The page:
Chief Justice Martha Koome urges regional countries to collaborate in fight against Transnational Organised Crime.

Chief Justice Martha Koome on Tuesday urged regional countries to collaborate and unite in the fight against Transnational Organised Crime.

Speaking as she opened regional symposium on transnational organized crimes and illicit financial flows, Koome said the said organised crime has been destabilizing the economy of the regions.

She said the war on transnational organized crimes which include human trafficking, cybercrime, wildlife poaching among others can only be won if the regional countries agree to work together and cooperate in fighting the crime.

Koome said the illicit financial flows deprive governments of much-needed resources for public services, development and poverty reduction saying it also facilitates the accumulation of wealth and power by criminal networks, and corrupt public officials.

The CJ further said that transnational Organized Crime is not a new phenomenon but its manifestations, agility, and resilience in this digital age are unprecedented, adding that in an interconnected world, crimes that were once considered local are no longer confined to national boundaries.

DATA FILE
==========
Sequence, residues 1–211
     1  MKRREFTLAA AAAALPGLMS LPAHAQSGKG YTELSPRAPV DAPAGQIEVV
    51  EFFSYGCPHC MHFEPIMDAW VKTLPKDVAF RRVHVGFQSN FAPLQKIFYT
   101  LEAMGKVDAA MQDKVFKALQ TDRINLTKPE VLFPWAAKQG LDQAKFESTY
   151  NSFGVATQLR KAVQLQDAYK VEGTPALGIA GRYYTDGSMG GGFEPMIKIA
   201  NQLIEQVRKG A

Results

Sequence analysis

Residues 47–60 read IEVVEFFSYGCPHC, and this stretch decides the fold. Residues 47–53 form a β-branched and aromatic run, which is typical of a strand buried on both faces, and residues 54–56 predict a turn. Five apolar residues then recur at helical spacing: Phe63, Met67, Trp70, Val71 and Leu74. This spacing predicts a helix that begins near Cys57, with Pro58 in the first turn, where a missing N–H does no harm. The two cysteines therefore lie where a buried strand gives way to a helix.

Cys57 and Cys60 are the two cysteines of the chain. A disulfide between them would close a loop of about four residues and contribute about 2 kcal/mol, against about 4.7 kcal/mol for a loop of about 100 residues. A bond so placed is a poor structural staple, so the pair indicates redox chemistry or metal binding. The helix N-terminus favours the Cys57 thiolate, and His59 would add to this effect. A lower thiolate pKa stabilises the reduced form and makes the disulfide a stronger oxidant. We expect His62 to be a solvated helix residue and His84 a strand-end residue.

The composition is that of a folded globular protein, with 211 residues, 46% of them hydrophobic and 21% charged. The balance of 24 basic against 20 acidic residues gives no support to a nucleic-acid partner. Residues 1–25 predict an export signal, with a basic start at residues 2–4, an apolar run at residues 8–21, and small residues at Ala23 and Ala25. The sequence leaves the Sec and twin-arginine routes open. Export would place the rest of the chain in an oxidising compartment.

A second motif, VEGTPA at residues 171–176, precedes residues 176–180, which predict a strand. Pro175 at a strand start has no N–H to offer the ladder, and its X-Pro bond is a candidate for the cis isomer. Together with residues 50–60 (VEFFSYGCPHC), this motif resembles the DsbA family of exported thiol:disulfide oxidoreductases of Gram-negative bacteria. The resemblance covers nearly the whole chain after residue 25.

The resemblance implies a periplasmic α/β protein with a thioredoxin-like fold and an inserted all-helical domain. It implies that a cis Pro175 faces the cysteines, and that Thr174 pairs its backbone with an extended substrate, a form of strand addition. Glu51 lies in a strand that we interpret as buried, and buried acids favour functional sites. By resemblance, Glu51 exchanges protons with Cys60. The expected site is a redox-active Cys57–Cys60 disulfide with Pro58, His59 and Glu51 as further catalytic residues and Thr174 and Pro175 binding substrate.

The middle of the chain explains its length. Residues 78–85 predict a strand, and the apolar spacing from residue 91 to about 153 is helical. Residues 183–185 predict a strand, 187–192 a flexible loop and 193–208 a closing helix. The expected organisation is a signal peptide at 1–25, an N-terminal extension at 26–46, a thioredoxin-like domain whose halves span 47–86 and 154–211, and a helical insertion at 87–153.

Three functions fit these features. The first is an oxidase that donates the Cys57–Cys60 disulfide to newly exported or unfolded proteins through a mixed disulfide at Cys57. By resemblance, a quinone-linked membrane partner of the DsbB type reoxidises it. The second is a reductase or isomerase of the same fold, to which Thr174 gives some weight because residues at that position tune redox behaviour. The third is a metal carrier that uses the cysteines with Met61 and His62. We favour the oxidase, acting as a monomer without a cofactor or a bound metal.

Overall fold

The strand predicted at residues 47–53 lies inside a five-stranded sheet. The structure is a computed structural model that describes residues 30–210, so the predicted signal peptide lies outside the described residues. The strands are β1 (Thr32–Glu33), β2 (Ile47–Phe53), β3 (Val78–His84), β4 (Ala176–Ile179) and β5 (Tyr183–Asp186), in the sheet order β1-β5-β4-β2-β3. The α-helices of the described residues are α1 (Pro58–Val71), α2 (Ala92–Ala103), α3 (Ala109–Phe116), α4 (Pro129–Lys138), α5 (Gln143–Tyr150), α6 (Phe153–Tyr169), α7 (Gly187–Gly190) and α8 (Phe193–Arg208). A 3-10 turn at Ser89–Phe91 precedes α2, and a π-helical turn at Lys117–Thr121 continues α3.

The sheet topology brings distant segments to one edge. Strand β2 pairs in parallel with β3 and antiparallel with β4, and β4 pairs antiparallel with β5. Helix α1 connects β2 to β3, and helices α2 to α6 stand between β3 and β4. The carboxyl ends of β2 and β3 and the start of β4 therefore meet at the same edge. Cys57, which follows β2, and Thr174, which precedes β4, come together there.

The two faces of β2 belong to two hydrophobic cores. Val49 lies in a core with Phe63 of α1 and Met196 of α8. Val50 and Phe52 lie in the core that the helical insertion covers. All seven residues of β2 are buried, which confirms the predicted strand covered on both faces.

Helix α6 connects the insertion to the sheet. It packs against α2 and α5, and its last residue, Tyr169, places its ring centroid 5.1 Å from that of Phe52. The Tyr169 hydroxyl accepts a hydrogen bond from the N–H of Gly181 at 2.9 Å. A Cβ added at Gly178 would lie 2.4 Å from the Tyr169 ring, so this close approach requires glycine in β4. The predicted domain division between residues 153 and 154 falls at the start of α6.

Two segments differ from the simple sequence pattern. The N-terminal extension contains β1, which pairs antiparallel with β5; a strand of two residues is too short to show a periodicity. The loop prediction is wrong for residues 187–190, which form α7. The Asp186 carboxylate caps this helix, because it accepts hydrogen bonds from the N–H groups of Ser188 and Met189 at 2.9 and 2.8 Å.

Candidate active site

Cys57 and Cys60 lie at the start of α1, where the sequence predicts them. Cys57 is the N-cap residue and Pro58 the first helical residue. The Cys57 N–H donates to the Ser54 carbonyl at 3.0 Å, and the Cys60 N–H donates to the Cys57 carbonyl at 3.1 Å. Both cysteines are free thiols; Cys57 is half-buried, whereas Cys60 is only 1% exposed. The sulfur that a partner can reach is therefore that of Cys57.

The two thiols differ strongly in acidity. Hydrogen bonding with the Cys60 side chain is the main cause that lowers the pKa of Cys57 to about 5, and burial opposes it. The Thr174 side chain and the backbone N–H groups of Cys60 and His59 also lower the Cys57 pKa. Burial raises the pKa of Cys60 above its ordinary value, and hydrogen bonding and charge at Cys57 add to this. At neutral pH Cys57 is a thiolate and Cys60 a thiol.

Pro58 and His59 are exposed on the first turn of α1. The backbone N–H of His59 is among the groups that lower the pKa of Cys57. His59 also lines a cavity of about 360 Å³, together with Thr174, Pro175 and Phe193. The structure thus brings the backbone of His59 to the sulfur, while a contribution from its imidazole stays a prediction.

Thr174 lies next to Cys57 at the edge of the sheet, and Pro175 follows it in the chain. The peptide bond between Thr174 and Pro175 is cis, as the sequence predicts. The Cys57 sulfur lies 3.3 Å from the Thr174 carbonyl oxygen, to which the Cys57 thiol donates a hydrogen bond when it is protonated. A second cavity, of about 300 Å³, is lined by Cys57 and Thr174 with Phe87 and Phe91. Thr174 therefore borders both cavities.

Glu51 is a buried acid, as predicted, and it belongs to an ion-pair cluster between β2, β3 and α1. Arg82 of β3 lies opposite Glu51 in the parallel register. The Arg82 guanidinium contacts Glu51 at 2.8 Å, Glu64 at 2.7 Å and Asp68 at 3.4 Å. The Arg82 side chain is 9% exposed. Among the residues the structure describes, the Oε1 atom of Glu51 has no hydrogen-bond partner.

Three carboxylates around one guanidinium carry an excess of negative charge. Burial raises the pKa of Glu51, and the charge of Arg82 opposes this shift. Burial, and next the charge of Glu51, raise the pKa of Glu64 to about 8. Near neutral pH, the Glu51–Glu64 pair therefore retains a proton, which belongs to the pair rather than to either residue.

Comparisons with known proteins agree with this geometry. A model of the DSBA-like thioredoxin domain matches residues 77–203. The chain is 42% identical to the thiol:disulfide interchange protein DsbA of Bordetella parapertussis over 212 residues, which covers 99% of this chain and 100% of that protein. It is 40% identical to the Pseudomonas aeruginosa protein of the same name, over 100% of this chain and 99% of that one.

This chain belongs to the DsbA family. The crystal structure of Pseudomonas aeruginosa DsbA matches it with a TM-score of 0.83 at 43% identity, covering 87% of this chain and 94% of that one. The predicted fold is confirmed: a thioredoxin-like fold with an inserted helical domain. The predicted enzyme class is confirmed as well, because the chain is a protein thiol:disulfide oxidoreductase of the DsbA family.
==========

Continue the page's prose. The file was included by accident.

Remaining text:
While mentioning a few such as cybercrime to human trafficking, from money laundering to environmental crime, she said that the world and the continent is grappling with a hydra-headed monster that morphs and evolves to circumvent efforts by law enforcement agencies to combat.

“These illicit financial flows, involving the movement of money or assets that are illegally earned, transferred or used across borders, are often carried out in tandem with crimes such as tax evasion, trade mis-invoicing, bribery, embezzlement, fraud and other crimes,” Koome said.

She gave an example of a case where around 200 Ethiopians were arrested while being trafficked through Nairobi and after being taken to a court in Machakos, the court ordered for their deportation, but they could not deport them since they could not buy tickets for the 200 Ethiopians.

“The Inspector General of Police had to look for buses for the Ethiopians to be transported to Moyale after they went on hunger strike while in the cells. After they were taken to Moyale, they were to cross over to their country. Am sure there could be some who are already back in Kenya,” Koome said.

The symposium is being held at a Mombasa hotel and some of the delegates include judges and other judicial officers from Kenya and Ethiopia.



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